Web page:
• support from the Coastal Communities Fund (central government), established to ‘help coastal communities flourish and strengthen their appeal as places to live, work and visit
  • the hard defences in front of the residential properties fell within the remit of the Environment Agency
  • raising the clay wall beyond was project managed by the East Suffolk Internal Drainage Board (IDB) using clay acquired from Dairy Farm Meadow behind the wall creating a default freshwater habitat from the excavated site

Dairy Farm Meadow is owned by the Waller Trust, set up to create a wetland reserve – both the wall and the meadow are maintained by the Waller Trust. In order to protect the wall from wave action on its estuary side, the IDB commissioned a series of brushwood fences (Figure 2), which retain silt and will hopefully improve resilience by eventually establishing saltmarsh vegetation.

Figure 2: Brushwood fencing to aid saltmarsh restoration and stabilisation at Dairy Farm Saltmarsh

Note: Image provided by the authors.

Given the layers of responsibility for managing this project, including the need to seek permission and pay for a licence from the Marine Management Organisation to carry out works on the tidal side of the wall, it is evident that, even if it is for the public good, any initiative such as this demands perseverance and patience and cannot be undertaken lightly. In fact, given the hurdles that must be overcome for a community organisation to set up and run a project, it is a miracle that anything gets done at all, let alone the need to manage it into the future.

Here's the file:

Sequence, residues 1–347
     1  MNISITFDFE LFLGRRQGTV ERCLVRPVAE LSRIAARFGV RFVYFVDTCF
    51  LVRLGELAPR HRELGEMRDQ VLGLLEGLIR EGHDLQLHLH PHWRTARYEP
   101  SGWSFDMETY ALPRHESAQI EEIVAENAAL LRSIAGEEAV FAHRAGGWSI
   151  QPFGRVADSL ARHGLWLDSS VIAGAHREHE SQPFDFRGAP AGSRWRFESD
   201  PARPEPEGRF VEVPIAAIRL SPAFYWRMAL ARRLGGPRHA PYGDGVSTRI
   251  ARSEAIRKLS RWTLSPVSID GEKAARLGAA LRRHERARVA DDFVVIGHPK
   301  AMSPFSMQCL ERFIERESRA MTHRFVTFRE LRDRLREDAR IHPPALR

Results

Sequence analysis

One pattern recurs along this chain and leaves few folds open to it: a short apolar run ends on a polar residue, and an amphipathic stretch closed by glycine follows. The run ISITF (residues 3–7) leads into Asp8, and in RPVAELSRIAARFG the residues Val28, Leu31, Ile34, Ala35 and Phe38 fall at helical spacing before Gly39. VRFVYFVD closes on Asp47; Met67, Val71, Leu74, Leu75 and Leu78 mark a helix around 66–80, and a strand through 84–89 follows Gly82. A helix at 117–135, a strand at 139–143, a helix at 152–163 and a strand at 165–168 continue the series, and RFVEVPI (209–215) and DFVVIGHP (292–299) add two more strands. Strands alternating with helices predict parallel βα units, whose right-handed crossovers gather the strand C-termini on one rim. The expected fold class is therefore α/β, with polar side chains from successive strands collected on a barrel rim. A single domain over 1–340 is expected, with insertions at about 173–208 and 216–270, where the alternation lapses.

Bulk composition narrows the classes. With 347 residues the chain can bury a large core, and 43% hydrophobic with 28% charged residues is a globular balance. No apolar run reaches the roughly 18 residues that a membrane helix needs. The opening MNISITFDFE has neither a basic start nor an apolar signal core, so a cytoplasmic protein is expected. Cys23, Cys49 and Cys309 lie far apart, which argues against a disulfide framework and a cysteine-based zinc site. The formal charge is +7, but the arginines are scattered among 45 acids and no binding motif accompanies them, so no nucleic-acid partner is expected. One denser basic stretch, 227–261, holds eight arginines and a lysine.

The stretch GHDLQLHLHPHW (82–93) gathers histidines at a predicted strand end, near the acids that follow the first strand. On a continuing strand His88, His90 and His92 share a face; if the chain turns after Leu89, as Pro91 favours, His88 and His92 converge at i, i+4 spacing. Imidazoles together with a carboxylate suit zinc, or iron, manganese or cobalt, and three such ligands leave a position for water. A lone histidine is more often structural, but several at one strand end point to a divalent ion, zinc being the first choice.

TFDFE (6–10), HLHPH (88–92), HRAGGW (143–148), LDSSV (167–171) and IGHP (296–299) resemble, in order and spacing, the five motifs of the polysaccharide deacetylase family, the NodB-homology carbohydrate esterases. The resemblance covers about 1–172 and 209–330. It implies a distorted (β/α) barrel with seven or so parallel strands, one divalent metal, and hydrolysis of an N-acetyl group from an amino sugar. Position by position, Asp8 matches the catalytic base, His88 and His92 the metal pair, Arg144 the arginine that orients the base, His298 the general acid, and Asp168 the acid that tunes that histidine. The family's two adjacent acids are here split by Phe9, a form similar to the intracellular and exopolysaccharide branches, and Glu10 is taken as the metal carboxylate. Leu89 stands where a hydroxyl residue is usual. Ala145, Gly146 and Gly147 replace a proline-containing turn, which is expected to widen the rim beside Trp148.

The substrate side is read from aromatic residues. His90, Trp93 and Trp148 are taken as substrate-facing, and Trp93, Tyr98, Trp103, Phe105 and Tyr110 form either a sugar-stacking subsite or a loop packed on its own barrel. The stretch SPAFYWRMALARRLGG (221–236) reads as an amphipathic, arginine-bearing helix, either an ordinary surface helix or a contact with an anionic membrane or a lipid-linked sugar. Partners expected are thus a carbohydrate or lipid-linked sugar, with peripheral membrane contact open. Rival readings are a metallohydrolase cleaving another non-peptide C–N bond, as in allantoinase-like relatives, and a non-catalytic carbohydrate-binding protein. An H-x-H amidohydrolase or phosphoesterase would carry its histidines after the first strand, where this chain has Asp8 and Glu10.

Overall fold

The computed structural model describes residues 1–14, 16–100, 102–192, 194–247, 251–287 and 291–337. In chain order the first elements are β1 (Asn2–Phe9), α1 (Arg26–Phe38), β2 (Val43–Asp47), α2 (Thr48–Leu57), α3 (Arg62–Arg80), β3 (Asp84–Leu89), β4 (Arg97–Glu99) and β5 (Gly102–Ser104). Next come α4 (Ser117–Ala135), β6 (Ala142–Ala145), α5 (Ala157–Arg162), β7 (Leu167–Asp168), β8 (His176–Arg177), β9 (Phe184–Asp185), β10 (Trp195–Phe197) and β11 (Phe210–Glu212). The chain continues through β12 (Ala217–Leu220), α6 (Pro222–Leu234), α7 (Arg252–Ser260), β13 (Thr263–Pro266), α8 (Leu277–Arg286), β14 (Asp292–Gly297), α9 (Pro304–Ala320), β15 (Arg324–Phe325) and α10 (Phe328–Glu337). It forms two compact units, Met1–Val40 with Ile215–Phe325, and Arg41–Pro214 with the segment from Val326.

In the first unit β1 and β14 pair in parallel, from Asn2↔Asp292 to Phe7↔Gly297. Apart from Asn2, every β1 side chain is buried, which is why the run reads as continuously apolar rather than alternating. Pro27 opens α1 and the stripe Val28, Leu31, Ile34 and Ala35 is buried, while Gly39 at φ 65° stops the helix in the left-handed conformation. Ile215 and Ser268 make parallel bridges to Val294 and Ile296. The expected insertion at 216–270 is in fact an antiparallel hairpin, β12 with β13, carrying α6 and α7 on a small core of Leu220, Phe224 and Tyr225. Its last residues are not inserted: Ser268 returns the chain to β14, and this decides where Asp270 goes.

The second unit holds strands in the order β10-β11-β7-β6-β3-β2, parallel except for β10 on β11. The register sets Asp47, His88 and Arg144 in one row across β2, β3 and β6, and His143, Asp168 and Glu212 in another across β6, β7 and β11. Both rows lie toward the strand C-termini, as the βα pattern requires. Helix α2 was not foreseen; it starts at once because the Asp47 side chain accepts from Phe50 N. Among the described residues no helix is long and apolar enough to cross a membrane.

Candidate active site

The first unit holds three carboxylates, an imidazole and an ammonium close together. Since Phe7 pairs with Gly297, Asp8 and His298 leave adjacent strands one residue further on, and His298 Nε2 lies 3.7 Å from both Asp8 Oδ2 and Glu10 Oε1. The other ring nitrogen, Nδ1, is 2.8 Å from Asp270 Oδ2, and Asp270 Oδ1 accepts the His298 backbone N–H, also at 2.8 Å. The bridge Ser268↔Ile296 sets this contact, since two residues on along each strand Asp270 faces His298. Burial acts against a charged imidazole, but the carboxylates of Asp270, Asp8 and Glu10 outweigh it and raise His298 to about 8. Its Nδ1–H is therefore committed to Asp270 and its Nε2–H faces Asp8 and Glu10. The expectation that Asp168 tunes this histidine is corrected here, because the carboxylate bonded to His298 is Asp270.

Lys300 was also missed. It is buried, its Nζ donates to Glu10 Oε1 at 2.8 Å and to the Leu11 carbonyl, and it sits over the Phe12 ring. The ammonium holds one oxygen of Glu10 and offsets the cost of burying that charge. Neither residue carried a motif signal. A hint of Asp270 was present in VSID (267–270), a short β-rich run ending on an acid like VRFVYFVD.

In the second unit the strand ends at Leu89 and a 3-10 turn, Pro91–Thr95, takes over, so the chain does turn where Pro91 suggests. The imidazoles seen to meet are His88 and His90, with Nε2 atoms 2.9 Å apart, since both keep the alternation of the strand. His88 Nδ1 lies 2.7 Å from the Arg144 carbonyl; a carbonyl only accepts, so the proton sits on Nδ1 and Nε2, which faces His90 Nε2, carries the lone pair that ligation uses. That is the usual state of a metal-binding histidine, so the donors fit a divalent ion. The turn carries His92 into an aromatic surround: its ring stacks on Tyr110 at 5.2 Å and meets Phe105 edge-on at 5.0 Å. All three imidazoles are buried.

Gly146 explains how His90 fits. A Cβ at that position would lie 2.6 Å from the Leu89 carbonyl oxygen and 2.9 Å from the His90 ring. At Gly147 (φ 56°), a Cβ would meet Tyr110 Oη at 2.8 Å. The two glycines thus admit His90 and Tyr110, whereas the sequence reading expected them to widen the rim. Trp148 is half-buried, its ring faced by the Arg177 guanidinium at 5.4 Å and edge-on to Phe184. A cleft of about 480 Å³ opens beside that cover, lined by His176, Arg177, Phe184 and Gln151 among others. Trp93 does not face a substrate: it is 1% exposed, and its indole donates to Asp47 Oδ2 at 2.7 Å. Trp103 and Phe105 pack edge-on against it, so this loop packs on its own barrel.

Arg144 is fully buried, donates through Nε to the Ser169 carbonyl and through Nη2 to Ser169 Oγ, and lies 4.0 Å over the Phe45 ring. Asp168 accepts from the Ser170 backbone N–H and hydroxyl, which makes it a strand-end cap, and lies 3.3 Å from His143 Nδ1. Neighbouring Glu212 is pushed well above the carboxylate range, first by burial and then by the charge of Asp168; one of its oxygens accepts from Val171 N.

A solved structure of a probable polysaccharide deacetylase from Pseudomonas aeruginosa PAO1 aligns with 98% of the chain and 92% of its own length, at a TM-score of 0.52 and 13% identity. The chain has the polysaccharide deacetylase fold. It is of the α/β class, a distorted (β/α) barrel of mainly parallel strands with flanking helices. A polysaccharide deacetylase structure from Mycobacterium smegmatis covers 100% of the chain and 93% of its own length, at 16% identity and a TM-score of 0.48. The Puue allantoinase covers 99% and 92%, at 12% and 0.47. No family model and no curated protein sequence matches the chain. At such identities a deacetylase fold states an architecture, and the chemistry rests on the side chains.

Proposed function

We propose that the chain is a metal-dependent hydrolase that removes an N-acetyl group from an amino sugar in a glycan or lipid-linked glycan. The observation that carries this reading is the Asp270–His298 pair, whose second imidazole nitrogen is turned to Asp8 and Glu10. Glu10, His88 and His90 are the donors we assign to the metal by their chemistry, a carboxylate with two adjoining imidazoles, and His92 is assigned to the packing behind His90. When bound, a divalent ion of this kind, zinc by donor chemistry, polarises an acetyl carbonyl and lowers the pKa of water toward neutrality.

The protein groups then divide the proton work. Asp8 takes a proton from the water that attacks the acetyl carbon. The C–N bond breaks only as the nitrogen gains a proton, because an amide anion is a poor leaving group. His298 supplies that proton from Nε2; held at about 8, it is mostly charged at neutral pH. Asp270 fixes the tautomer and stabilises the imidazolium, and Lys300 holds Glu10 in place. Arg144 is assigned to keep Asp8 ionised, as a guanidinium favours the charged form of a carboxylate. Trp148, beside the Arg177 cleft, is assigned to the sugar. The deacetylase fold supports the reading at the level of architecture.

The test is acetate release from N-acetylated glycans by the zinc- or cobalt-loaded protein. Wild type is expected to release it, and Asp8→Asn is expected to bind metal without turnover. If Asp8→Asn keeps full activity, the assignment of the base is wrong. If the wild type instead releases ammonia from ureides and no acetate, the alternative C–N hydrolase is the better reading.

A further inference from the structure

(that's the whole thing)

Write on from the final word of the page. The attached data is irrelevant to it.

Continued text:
Comparing Waldringfield and Hemley saltmarshes

Hemley saltmarsh is quite a different matter to the easily accessible Waldringfield saltmarsh (Figure 3): accessed via the degraded defence wall, skirt the edge of a field, duck through a hedge, and you are on the remains of a flood embankment that has not been operational since 1938. Little would Henry Kent, the landowner at the time, have suspected that the failure of his flood defence was to play a significant part in the determination of flood risk management policy in the UK as we know it today – and with the help of David Kemp, we can give a full account of an intriguing and serendipitous story.

Figure 3: Map showing the estuary reach for our Waldringfield field meeting; inset map provides the 1900 map, showing the intact flood embankment across Hemley to Spinney saltmarsh prior to the initial breach in 1938

Coincidence has it that David’s great uncle, Sidney Kemp, was the tenant farmer at Hill House Farm in 1938 when the flood defence on Spinney Marsh breached. The relevant authority at the time – the East Suffolk Rivers Board – accepted the responsibility to mend the wall and employed a gang of labourers to fill the breach using sandbags. In 1939, the embankment breached again, and the landowner sued the local authority for negligence, which it fought and lost. On appeal to the high court, it lost again, but in 1940 the local authority took the case to the House of Lords where the verdict was overturned in its favour. The judgement from the House of Lords was that although East Suffolk Rivers Board may have the ‘permissive right to intervene’ it was not legally bound to do so.